From 1907 to 1930, Edward S. Curtis created The North American Indian, a forty-volume edition of photographs and writings that he hoped would cover “every phase of Indian life of all tribes yet in a primitive condition.” All evidence indicates that he set out to make a singular and uniﬁed work of art. However, a comparative analysis of photographs made at diﬀerent moments in this ambitious project reveals that The North American Indian ultimately is characterized not by stylistic and thematic unity but by signiﬁcant shifts in aesthetic and political orientation. [excerpt]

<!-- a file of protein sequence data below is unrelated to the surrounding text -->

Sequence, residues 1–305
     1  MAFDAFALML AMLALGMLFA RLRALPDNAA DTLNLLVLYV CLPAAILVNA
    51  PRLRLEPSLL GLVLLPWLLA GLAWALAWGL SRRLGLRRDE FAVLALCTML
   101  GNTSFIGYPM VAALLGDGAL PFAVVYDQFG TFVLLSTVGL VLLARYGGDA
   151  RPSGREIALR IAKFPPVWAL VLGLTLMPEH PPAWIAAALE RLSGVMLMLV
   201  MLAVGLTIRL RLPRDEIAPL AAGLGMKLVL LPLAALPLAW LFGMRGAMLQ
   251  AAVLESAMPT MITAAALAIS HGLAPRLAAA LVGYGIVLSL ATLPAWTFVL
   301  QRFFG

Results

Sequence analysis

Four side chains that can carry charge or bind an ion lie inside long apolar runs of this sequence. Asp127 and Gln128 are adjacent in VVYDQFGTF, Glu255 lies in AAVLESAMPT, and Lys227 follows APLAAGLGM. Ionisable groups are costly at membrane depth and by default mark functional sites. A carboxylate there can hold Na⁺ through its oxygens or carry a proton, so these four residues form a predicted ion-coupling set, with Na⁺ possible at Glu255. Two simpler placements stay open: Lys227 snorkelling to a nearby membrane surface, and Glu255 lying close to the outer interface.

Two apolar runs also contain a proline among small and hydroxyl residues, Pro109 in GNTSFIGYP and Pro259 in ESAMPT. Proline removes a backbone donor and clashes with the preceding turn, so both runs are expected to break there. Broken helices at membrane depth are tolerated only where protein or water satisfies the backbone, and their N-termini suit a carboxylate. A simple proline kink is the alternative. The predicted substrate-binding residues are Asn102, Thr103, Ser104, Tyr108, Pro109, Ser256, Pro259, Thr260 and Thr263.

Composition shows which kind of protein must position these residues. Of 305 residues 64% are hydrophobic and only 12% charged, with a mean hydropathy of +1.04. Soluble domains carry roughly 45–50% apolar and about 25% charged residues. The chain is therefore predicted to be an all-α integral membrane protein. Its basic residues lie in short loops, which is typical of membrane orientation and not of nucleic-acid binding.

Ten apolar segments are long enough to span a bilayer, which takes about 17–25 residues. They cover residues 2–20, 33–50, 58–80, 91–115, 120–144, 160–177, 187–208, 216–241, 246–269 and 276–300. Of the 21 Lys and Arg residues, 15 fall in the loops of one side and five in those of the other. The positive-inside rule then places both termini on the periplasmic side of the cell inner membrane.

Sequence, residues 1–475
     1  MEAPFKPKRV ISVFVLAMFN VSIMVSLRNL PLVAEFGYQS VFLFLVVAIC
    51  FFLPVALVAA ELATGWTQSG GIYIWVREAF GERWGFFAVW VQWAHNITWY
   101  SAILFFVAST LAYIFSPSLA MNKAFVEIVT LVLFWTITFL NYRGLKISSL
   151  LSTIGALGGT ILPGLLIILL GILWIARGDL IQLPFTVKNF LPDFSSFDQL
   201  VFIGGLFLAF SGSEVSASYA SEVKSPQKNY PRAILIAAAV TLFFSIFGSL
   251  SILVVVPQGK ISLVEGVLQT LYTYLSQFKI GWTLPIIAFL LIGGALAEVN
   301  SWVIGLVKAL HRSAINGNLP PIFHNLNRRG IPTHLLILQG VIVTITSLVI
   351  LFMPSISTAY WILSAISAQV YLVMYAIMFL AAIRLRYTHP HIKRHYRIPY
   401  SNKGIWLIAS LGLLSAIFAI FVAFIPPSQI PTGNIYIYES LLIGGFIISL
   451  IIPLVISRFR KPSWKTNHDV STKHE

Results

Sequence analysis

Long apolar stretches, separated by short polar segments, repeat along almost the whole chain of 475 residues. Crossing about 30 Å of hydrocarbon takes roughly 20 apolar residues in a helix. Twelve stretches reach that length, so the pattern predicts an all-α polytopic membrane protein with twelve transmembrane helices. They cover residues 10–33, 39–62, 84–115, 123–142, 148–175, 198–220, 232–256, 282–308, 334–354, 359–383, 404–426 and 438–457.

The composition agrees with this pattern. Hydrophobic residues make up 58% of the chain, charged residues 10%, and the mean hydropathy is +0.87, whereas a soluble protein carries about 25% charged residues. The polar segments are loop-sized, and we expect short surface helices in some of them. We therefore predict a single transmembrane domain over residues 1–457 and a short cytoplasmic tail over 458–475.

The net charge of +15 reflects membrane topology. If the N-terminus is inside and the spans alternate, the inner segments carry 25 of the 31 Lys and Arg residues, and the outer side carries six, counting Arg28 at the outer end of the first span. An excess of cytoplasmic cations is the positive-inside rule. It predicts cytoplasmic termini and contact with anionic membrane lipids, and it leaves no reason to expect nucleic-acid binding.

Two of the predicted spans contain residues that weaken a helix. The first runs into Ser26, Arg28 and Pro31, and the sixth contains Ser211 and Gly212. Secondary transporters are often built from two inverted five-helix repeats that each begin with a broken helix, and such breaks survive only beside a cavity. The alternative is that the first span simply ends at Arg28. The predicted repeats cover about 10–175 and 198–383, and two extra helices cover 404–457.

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Egan, Shannon. 'Yet in a Primitive Condition': Edward S. Curtis's The North American Indian. American Art. 2006. 20(3): 58-83.
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